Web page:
(Bloomberg) -- Germany’s real estate woes have led to a slump in construction, which will deepen the divide in credit quality between the owners of prime office buildings and those with older, less attractive stock, according to Moody’s Investors Service.

It expects high raw material and financing costs will weigh on building activity at least through this year, squeezing the supply of new office space. 

While this means more headwinds for developers and building materials firms, landlords of high-quality commercial properties will likely benefit from the shortage. On the other side, secondary stock will “underperform in terms of occupancy and rental growth” as weaker economic activity and tighter ESG rules undermine tenant demand, Moody’s said in a report published Wednesday. 

A series of interest rate hikes have helped to plunge Germany’s property sector into crisis, with much of the focus on commercial real estate and the lenders with exposure to the industry. Values are estimated to have fallen sharply, though a lack of transactions means the true state of the market is unclear. Meanwhile, sentiment among German homebuilders dropped to a record low last month due to a lack of new orders and ongoing project cancellations.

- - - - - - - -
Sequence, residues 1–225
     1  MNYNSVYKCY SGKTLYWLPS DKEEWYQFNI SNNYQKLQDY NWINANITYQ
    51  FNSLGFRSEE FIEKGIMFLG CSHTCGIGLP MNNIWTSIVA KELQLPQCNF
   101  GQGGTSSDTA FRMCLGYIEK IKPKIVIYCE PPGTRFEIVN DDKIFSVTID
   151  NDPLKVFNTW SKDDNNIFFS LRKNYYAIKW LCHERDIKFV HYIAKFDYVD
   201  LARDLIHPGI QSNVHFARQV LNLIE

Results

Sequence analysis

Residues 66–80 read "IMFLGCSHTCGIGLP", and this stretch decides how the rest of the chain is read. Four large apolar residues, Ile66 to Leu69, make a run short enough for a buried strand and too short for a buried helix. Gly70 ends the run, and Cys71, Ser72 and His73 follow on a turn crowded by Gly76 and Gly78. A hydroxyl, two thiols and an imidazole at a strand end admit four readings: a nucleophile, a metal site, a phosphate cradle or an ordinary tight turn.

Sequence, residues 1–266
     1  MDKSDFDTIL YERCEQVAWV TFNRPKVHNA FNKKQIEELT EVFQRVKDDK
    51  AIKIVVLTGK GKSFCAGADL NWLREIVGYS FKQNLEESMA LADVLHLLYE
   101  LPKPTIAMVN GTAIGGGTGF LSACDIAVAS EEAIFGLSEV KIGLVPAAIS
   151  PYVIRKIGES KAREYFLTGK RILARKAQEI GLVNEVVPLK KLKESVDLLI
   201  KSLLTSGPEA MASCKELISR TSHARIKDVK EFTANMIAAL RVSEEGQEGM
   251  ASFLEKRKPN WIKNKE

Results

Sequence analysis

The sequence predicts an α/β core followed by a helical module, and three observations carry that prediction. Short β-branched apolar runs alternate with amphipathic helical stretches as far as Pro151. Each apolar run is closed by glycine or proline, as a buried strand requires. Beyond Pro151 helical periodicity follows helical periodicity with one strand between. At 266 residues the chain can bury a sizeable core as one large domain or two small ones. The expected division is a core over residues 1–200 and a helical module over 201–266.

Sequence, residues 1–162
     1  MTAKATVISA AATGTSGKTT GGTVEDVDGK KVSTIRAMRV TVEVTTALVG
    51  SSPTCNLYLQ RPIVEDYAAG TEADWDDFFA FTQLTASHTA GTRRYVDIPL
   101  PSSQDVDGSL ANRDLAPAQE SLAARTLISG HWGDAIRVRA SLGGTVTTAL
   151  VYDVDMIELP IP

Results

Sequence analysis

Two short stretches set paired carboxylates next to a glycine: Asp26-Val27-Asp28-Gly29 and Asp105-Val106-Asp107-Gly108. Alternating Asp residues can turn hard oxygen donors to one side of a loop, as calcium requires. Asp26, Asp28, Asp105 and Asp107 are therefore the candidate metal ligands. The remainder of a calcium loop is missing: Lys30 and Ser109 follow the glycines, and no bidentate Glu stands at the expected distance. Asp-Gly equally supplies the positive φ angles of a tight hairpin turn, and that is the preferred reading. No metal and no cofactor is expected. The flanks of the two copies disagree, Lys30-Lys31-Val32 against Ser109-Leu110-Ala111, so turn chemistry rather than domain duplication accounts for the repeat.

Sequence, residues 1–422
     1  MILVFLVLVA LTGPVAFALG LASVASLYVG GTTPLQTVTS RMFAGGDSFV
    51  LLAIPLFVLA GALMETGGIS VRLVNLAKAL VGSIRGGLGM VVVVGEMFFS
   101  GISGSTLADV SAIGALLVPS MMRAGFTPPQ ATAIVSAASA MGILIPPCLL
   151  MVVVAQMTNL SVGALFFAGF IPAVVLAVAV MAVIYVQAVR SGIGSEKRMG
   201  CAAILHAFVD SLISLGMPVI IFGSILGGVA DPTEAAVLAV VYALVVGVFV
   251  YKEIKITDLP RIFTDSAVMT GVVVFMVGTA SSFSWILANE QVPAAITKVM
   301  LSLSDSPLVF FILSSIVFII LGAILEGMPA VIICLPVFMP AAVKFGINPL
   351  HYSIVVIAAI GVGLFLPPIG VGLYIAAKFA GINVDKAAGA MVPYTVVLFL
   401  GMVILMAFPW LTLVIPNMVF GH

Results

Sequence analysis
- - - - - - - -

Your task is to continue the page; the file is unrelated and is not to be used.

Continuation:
The European Central Bank has now paused rate increases and is expected to cut borrowing costs later this year. But Moody’s said that a recovery in building activity in 2025 “remains highly uncertain.” 

Read more on German property: Germany’s Slow-Motion Property Crash Is a Looming Risk for Banks

--With assistance from Nicholas Comfort.

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